In households, water collected from untreated sources and used for drinking or cooking should be disinfected with water-purification tablets or bleach, and safely stored in sealed containers to prevent re-contamination. The CDC recommends disinfecting water by boiling for one minute and adding two drops of household bleach or half an iodine tablet per liter of water.¹ Furthermore, food should be adequately cooked and stored, and thoroughly reheated before eating. Food items to be consumed raw should be washed thoroughly with clean water.

Oral vaccines against cholera exist and have a lifespan of three years, but their availability is limited. They should be viewed as a complement to improved WASH behaviors, not as a substitute.¹ Improved handwashing habits and other WASH-related preventive behaviors must be prioritized and sustained to both prevent and contain cholera.

How is cholera treated?

Prompt treatment of infections contains outbreaks, prevents transmission, and reduces mortality. The primary method of cholera treatment is symptom management. Up to 80% of cases can be successfully treated with oral rehydration therapy. Zinc supplements and continued breastfeeding should also be components of treatment for children and infants, respectively.¹ Water used for oral rehydration solutions must be sterilized, boiled, or treated in order to eliminate traces of the bacterial strain.¹ The WHO does not recommend the administration of intravenous fluids or antibiotics, except in cases of severe dehydration, as a way to reduce the duration and severity of symptoms.¹ According to the CDC, when patients receive timely rehydration therapy, the likelihood of a cholera infection resulting in death is diminished to 1%.² Learn more about cholera treatment here.

Mobilizing communities to defeat cholera

Cholera is an important public health concern. A proactive cholera prevention and control approach at the community-level should integrate handwashing promotion with strategies for both immediate and long-term outbreak responses. Prevention and control plans should also include:

  • Health education campaigns that mobilize community members to adopt good WASH practices, such as handwashing with soap, water treatment, safe food preparation, oral rehydration, and continued breastfeeding;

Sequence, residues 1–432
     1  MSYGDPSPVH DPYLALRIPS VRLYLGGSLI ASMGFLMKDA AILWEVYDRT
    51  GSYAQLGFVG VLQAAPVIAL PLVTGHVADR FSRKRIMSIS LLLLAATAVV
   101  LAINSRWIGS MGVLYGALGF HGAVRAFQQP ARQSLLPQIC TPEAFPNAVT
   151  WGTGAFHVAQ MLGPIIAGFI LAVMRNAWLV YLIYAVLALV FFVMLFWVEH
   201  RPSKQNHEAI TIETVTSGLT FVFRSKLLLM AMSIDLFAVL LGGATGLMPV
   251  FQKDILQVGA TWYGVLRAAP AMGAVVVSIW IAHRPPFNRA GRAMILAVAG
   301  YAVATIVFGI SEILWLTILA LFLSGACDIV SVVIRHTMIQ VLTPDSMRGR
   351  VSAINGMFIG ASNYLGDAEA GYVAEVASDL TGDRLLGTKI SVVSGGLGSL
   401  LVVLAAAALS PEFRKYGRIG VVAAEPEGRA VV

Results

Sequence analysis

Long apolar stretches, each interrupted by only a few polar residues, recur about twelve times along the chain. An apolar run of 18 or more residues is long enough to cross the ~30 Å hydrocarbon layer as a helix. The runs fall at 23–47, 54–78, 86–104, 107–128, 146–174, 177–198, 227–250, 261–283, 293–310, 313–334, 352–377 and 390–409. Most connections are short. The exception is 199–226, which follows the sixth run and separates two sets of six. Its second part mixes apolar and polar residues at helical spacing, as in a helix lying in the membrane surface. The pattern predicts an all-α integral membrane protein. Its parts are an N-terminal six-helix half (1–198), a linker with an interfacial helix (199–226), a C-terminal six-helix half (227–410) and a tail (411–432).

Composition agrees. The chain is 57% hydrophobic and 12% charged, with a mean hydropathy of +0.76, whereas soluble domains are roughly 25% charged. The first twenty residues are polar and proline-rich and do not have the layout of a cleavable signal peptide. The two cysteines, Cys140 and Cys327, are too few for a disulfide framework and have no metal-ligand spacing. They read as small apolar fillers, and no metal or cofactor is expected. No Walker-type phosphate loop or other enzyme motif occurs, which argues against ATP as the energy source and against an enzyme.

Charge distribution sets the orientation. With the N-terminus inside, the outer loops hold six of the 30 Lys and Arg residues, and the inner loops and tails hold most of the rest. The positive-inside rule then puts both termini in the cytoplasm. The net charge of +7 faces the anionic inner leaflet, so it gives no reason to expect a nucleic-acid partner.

• Awareness campaigns that provide information on how to identify cholera infections and encourage people exhibiting symptoms to seek immediate testing and treatment at healthcare facilities;¹
  • Information for families of cholera patients on how to avoid contracting the infection;
  • Water at the community level to prevent cholera contamination during collection and storage;
  • Identification and decontamination of areas that have led to a cholera outbreak by trained public health officials;
  • Effective warning systems that establish priority responses for healthcare staff and local authorities once a preliminary clinical diagnosis of cholera is made or confirmed in a community; and
  • Timely reporting of confirmed cases by healthcare staff and government authorities to the WHO, which can activate an emergency response and provide essential resources to contain the outbreak if necessary.

Further reading and resources

Here are some recommended further readings and resources that can be useful to those engaged in the fight against cholera.

Prevention and control guidelines and manuals
  • Cholera Outbreak Guidelines: Preparedness, prevention and control. 2012. Oxfam. [link]
  • Cholera Prevention and Control: Introduction and Community Engagement. 2010. CDC. [link]
  • Lutter contre le Choléra. 2013. Action Contre la Faim. [link] (French)
  • Community Health Worker Training Materials for Cholera Prevention and Control. 2010. CDC. [link]
  • Infection Control for Cholera in Healthcare Settings. 2014. CDC. [link]
Toolkits
  • Cholera Toolkit (English, French and Arabic). 2013. UNICEF. [link]
  • Revised cholera toolkit. 2015. WHO. [link]
  • StopCholera Toolkit. 2016. Johns Hopkins University. [link]
Promotion materials
  • Health Promotion Materials. 2014. CDC. [link]
Publications & Evidence
  • Cholera: Latest publications and guidelines. 2016. WHO. [link]
  • Cholera. Global Health Observatory data repository, WHO. [link]

 

Citations

  1. World Health Organization. 2015. Cholera. http://www.who.int/mediacentre/factsheets/fs107/en/
  2. Centers for Disease Control and Prevention. Cholera – Vibrio cholerae infection. 2014. http://www.cdc.gov/cholera/general/index.html
  3. Ali, M., et al. 2015. Updated Global Burden of Cholera in Endemic Countries. PLOS Journal for Neglected Tropical Diseases. DOI: 10.1371/journal.pntd.0003832
  4. UNICEF. 2016. Cholera Introduction. http://www.unicef.org/cholera/
  5. World Health Organization. 2016. Number of reported cholera cases. http://who.int/gho/epidemic_diseases/cholera/cases_text/en/
  6. World Health Organization, UNICEF. 2015. Water, sanitation and hygiene in health care facilities Status in low- and middle-income countries and way forward.